I arrived at the focus on senses and spaces following my interest in both First World War literature and medicine/medical humanities. My MSc by Research focused on the traumatised body in First World War literature, and by this point I knew that my research going forward would be both a focus on spaces and senses, and medicine more specifically. This was quite an obvious trajectory for me, in terms of topic.
My explicit interest in the senses in this context was influenced by Santanu Das’ Touch and Intimacy in the First World War (Cambridge University Press, 2006), which in turn introduced me to Paul Rodaway’s Sensuous Geographies: Body, sense and place (Routledge, 1994). I could very quickly see that the senses and spaces had been overlooked in the medical experiences, but that there was significant and vital work to be done through this lens. Since embarking on this research route, I am further convinced of the importance of a spatial and sensory lens, as well as a focus on the senses and spaces in their own right.
Where and how did you locate sensory experience in historical sources?
My background and disciplinary position in literary studies means that my engagement with the material is principally literary analysis. The specific primary sources I use for this research are rich in description and reflection on their surroundings, often mentioning what they see, smell, hear, and touch. Opening up the idea of ‘senses’ to complement and incorporate multiple geographies has been an effective approach, and allowed me to access the sensory experiences in greater depth.
For example, through a focus on the somatic and sensuous situation of the medic, I have been able to explore how bodies in war necessarily adapt to ongoing changing landscapes, a need which is especially heightened at the intersection of military and medical spatial geographies. The medics’ bodies are mutually implicated in the landscape and with the bodies of the patients. The experience demands an intensely multisensory attention and hypersensitivity: haptic, auditory, and olfactory geographies become integral to the negotiation of space.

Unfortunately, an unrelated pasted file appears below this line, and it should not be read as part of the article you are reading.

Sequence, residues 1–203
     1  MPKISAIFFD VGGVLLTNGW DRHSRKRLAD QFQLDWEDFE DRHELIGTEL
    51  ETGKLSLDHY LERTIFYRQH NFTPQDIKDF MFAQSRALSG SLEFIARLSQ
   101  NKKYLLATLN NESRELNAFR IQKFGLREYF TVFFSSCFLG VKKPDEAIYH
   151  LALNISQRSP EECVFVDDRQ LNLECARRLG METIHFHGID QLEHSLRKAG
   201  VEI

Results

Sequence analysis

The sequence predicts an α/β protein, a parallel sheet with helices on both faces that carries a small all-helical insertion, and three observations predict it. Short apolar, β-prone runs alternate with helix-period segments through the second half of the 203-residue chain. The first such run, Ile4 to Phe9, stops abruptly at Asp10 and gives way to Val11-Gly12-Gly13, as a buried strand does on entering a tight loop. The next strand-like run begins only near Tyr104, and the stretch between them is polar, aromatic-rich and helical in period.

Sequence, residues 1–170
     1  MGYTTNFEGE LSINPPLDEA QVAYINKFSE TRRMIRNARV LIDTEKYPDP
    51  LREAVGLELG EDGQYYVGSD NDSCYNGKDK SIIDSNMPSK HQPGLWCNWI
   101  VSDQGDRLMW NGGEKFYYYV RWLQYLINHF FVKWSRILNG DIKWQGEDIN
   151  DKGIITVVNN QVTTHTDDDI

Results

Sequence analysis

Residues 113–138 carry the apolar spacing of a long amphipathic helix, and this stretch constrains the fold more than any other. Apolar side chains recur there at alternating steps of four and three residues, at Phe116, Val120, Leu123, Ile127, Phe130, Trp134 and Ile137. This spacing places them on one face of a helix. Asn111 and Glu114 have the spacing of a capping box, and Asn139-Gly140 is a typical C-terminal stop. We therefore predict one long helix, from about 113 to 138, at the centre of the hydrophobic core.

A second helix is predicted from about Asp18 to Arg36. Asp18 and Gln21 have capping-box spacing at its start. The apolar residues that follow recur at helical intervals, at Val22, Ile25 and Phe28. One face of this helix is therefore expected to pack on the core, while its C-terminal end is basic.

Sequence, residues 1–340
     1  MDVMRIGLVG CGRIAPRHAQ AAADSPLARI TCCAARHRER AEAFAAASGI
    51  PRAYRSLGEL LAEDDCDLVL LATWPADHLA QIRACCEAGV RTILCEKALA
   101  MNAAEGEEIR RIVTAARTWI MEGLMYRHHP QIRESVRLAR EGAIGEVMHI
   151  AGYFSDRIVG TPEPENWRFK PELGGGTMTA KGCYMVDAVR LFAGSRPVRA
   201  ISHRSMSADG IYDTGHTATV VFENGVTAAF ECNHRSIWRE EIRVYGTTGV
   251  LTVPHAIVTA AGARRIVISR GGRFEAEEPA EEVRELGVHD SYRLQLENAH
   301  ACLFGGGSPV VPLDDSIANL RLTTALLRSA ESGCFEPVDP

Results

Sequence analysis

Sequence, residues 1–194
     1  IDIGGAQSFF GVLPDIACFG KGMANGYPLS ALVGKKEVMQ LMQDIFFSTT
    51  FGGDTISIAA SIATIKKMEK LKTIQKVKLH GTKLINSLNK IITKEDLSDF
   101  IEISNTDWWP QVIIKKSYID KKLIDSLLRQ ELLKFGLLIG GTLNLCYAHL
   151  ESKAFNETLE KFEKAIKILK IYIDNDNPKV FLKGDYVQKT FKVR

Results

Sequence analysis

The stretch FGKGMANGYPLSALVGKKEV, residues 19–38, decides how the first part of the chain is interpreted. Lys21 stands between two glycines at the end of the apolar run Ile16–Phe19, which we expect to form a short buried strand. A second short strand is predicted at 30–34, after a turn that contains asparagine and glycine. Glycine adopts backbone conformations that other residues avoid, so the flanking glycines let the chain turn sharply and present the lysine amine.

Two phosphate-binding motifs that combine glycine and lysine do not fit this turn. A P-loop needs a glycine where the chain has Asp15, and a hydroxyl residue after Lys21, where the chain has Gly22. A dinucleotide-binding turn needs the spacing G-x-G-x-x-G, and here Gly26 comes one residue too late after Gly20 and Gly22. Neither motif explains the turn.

Why do you think the ‘sensory’ is a useful way of examining or understanding your topic?
When it comes to the body, there is no denying the centrality and importance of the senses. It is precisely what connects the body, the selfhood, and the surrounding world. I approach the senses in a similar vein to Rodaway: ‘the senses both as a relationship to a world and the senses as in themselves a kind of structuring of space and defining of place.’ The senses structure and help mediate our world, and are heightened when medicine and health are involved. The caregiving experience (perhaps all caregiving contexts to varying degrees) is crowded with senses: proximities of bodies, the touch that is necessary and challenging; the pervasion of odours; the sounds of the body, that transmit signs and signals.
For me, the sensory cannot be extracted from the spatial, so I very much hold the two together. I maintain that we cannot understand (individually, intellectually, conceptually) the spaces without paying attention to the senses. The senses are vital sources of knowledge, providing networks of stimuli and information, deriving from multiple directions. Spaces make us just as much as we make spaces.
From this research, what have you learned about the role of the senses in the making of healthcare environments?
This research has confirmed that medical spaces are shaped by the experiences that take place in them, and in turn those spaces shape experiences. The sensory involvement of the caregiver tends to be overlooked, perhaps because it is assumed that the medic is only doing their job, so their experience of the space is not all that interesting. This research has reinforced that this is not the case, as even the seemingly most mundane aspect of the work is infused with complex sensory and spatial engagement, to which we need to pay more attention, in order to better understand past, current, and future healthcare environments. The stretcher bearer who clears blood from the patient’s eyes; the nurse who adds more gauze and pressure to a sudden haemorrhage; the surgeon who wipes his saw ready for another amputation, are deeply embedded in the sensory and spatial landscape of medicine.